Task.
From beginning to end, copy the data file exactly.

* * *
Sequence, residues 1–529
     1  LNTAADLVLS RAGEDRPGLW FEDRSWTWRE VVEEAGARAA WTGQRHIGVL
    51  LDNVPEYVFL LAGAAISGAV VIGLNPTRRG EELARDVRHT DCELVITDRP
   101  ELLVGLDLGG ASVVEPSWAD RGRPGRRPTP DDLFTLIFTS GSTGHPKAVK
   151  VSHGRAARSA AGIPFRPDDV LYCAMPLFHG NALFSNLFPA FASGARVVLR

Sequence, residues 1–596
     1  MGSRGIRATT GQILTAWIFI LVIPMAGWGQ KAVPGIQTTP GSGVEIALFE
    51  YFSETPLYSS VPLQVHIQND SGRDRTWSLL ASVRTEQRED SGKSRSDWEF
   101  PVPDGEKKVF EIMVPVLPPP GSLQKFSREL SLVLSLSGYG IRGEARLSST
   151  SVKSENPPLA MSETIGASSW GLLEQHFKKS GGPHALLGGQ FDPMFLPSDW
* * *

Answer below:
Sequence, residues 1–529
     1  LNTAADLVLS RAGEDRPGLW FEDRSWTWRE VVEEAGARAA WTGQRHIGVL
    51  LDNVPEYVFL LAGAAISGAV VIGLNPTRRG EELARDVRHT DCELVITDRP
   101  ELLVGLDLGG ASVVEPSWAD RGRPGRRPTP DDLFTLIFTS GSTGHPKAVK
   151  VSHGRAARSA AGIPFRPDDV LYCAMPLFHG NALFSNLFPA FASGARVVLR

Sequence, residues 1–596
     1  MGSRGIRATT GQILTAWIFI LVIPMAGWGQ KAVPGIQTTP GSGVEIALFE
    51  YFSETPLYSS VPLQVHIQND SGRDRTWSLL ASVRTEQRED SGKSRSDWEF
   101  PVPDGEKKVF EIMVPVLPPP GSLQKFSREL SLVLSLSGYG IRGEARLSST
   151  SVKSENPPLA MSETIGASSW GLLEQHFKKS GGPHALLGGQ FDPMFLPSDW